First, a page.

When you think of classic Chevys that can handle your mind probably leans towards the Camaro, then the Chevelle, and then possibly the Nova. The Impala\Bel Air\Biscayne, or B-body line, is probably the last of the classics you would consider a handling car. They're just too heavy, and the designers created the suspension more for a smooth ride and less about whipping it around corners. Even though B-bodies are at a total disadvantage when it comes to cornering, the styling can't be discounted. I think we can all admit Impalas are pretty good-looking cars, but they tend to be built with a stock or Lowrider style of suspension. We think most of the reasoning behind that was due to the lack of high performance aftermarket suspension parts offered.
Well fellow gear heads, that is a problem of the past. John Hotchkis and his team of engineers at Hotchkis Sport Suspension took on the task of creating a complete suspension system for the '59-64 B-body platform. The company offers upper and lower tubular control arms that have been geometry corrected to increase caster by plus-7 degrees, to improve high-speed stability and induce negative camber gain. Those arms are paired with a burly, hollow sway bar that cuts down on body roll a ton without adding excess weight.
The rear suspension was not overlooked either. Hotchkis built all new upper and lower trailing arms that are a much stiffer design and construction, with polyurethane bushings to reduce deflection while maintaining good joint articulation. Also, the upper trailing arm is adjustable, so the pinion angle can be changed to alleviate any driveline vibration. The last piece in the rear suspension puzzle is an adjustable panhard rod that allows you to easily center the rearend, maximizing straight-line performance and tire clearance, no matter what static ride height is. At the time of our test the shocks and springs were still in the R&D phase, but by the end of 2012 a specifically-valved set of shocks and properly rated springs will be added to the product line.
Great suspension can only do so much unless you add a performance set of wheels and tires. We ditched the factory 14-inch skinnies and 215/75R14 radials for a set of Streeter 17-inch five-spokes from Show Wheels, wrapped in Invo rubber from Nitto. This new set of rollers will let the suspension do its job, and the classic styling of the rims will look right at home on the car. What's nice about the rims from Show Wheels had classic cars in mind when casting them, and offer the right back spacing for most A, B, X, and F-Body cars. The Invo tires from Nitto are designed to provide a blend of performance and ride comfort. Nitto has said state-of-the-art computer engineering and specialized digital testing equipment were used to produce this tire, in an attempt to reduce perceived road noise, provide a comfortable ride, and deliver increased traction in both dry and wet conditions.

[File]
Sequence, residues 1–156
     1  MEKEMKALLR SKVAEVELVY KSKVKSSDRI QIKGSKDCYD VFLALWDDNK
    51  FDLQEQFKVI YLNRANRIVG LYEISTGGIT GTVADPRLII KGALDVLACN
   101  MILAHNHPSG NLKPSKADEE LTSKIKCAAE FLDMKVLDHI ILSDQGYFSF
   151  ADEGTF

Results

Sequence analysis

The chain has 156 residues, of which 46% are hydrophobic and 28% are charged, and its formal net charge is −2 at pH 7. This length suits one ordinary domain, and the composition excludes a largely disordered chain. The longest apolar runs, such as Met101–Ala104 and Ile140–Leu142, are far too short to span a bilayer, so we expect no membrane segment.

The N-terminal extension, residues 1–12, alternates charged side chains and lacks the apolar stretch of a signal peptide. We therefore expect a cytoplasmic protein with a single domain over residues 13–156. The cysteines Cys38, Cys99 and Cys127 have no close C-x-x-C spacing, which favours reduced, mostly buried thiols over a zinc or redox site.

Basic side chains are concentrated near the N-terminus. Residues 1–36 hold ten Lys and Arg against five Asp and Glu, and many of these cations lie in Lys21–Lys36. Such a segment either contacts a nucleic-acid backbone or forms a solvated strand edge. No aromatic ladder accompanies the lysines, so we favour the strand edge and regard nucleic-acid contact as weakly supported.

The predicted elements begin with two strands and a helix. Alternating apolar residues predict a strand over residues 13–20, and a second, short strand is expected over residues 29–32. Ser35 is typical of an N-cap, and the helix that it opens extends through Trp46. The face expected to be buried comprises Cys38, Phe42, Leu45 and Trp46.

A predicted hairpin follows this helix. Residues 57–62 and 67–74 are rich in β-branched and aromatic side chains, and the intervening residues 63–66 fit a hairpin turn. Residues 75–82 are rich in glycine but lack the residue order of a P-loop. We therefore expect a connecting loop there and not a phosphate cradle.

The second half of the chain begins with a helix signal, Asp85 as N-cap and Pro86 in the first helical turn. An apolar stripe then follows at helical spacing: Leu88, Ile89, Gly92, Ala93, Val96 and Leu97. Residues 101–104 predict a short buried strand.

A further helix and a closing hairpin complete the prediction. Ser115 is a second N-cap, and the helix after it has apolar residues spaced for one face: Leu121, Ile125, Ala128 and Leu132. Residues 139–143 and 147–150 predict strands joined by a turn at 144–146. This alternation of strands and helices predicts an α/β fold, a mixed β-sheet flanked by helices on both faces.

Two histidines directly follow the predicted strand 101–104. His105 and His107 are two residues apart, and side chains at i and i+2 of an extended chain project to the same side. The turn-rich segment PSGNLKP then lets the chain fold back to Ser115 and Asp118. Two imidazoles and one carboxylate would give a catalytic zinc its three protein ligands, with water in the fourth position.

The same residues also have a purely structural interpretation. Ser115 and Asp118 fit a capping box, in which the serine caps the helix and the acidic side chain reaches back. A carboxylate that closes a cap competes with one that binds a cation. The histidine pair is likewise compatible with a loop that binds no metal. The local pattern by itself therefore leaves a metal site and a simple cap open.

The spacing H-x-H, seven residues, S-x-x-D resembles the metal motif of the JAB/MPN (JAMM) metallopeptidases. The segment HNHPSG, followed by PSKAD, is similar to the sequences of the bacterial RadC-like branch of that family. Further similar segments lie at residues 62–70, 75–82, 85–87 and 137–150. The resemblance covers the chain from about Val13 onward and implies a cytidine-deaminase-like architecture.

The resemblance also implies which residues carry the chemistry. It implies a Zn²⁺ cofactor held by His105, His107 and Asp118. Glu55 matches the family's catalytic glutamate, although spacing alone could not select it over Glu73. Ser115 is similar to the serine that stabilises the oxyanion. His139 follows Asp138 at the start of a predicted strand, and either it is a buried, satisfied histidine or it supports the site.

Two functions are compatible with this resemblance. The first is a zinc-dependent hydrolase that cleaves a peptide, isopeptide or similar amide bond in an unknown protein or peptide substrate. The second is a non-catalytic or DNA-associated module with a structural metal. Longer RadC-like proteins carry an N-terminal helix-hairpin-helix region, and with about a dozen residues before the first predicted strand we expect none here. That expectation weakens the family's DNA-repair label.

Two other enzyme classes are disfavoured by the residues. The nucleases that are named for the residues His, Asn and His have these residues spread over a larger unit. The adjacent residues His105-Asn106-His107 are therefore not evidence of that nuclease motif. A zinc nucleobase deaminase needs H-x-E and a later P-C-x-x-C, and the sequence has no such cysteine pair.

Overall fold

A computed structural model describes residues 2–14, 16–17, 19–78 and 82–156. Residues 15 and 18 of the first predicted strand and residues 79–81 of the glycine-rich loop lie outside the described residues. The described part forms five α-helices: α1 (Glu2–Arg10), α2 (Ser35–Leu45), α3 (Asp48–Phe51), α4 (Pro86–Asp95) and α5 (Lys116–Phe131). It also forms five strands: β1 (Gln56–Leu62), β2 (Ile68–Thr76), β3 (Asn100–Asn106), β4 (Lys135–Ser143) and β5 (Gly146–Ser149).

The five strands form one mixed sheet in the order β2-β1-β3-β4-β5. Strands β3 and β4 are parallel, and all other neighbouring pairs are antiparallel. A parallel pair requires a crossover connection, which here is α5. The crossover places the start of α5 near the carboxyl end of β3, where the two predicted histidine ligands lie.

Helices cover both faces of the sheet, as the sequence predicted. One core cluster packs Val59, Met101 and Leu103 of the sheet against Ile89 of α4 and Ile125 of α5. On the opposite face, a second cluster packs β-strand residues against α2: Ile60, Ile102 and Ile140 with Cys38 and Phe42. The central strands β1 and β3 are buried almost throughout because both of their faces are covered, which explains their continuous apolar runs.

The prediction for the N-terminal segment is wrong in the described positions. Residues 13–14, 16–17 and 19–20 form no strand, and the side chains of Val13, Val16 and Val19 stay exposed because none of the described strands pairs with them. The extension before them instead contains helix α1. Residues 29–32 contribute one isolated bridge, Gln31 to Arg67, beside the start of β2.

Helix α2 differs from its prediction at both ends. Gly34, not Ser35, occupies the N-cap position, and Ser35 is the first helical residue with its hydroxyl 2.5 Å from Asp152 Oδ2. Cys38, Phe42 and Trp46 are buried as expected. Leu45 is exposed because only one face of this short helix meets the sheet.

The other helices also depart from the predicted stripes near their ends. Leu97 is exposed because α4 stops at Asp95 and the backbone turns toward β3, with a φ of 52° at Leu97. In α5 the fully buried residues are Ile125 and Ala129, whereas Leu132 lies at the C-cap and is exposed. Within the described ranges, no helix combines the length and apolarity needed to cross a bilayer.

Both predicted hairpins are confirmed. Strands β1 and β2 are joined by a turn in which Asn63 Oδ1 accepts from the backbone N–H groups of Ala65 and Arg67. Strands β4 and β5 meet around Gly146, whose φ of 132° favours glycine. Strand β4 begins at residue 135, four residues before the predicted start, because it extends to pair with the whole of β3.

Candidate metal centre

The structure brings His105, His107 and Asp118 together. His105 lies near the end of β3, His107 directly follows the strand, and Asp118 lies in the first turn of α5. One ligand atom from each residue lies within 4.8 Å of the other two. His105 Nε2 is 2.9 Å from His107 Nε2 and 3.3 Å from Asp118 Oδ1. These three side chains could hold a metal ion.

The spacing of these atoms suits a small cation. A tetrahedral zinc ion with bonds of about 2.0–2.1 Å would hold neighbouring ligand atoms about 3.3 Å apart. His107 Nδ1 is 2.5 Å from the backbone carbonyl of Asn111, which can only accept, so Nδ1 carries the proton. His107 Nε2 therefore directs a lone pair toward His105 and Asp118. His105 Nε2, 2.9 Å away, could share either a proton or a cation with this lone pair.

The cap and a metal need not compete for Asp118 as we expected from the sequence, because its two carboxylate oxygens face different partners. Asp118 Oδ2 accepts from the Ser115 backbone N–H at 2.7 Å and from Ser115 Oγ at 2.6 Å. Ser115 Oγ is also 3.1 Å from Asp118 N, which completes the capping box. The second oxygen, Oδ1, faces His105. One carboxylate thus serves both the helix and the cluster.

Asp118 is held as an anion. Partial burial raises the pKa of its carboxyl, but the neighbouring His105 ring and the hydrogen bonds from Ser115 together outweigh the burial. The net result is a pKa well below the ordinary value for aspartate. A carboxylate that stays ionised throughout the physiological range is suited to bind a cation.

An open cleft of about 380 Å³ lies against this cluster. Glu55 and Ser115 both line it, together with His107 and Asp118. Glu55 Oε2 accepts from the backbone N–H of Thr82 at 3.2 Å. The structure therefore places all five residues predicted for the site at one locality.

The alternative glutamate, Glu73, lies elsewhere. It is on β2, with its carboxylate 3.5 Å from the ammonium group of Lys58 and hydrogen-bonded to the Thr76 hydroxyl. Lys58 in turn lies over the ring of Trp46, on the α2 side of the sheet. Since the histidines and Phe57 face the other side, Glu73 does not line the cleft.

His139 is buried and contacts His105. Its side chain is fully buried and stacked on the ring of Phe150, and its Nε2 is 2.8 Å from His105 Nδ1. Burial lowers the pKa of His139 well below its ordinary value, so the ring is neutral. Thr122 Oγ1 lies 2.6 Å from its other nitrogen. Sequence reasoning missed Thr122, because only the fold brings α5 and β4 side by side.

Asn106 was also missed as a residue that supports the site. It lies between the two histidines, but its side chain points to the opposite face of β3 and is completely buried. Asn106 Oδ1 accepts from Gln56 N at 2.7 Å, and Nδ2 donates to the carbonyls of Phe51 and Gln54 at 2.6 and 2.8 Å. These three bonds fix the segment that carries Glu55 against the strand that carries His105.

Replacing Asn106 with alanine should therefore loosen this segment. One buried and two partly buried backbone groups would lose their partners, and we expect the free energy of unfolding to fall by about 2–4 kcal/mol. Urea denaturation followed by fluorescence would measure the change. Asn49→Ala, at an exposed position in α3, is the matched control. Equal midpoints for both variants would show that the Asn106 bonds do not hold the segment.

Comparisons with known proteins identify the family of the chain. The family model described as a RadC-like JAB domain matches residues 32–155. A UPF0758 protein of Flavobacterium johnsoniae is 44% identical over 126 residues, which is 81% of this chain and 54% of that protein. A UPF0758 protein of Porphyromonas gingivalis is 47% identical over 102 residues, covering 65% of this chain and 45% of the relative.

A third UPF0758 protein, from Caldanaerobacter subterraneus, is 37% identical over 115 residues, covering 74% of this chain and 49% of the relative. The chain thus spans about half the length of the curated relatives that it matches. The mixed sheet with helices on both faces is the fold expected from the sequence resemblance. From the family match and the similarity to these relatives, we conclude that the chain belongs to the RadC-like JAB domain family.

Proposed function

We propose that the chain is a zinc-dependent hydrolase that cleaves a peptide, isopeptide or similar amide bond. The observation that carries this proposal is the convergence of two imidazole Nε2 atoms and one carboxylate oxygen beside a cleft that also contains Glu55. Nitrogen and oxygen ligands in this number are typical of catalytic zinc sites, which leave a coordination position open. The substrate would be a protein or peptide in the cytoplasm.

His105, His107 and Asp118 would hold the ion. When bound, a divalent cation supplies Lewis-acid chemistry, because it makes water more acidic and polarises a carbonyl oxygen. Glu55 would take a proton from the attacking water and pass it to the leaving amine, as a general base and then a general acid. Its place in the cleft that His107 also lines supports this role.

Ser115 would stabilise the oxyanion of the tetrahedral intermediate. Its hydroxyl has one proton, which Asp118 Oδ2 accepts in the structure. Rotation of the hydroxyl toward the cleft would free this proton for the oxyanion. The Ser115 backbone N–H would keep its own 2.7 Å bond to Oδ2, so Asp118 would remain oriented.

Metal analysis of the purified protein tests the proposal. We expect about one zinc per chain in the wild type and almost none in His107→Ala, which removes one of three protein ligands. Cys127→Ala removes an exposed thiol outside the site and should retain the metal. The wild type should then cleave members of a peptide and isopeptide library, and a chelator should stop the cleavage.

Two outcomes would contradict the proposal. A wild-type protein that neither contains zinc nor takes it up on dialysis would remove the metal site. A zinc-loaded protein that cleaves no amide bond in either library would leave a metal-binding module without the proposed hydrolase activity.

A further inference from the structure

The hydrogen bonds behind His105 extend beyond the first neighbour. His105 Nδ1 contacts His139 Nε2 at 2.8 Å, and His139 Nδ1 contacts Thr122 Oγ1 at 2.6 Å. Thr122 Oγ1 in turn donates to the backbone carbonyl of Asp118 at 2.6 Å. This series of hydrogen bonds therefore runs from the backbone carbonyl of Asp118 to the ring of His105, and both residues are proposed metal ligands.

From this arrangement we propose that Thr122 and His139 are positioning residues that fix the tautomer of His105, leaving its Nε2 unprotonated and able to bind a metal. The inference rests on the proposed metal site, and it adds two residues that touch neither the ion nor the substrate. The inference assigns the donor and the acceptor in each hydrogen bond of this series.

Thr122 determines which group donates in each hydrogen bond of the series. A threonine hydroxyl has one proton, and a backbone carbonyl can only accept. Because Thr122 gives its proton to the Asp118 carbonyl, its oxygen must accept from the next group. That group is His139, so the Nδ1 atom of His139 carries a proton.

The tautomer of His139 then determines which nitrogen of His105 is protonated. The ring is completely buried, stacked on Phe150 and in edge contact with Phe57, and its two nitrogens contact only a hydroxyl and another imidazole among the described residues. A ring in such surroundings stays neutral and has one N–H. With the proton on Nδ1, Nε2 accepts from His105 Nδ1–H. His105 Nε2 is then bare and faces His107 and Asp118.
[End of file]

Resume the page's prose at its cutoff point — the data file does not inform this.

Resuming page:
For the actual installation and track testing, we took a mostly stock '64 Impala to Willow Springs Raceway in Rosamond, California. We say mostly because the car had a power steering conversion from Classic Performance Products (CPP) that uses a more traditional power steering box, instead of the ram assist the factory used. Other than that, the car is a really nice stocker with a well worn 327 and Powerglide. The car was before and after tested on a 600-foot slalom and 200-foot diameter skid pad, with Chief Engineer Aaron Ogowa from Hotchkis behind the wheel. Since we were going to do the install at the track, we needed an expert wrench on hand. That came in the form of Corey Bedortha. The author helped when not manning the camera, but Corey did pretty much everything at the track with simple tools.
We did this to not only give you the numerical benefits of the suspension on the same track conditions, but also to show that if one guy with a helper can install this stuff with minimal tools at the track, you can do it at home. We have to say the results are pretty dramatic, as the Impala looked like a tugboat going though the cones. At one point, we thought the bumper was going to drag the ground. After the new stuff was on, the car was flat and much more controllable. We actually reached the limits of the engine before we could reach the limits of the new suspension and rolling stock package.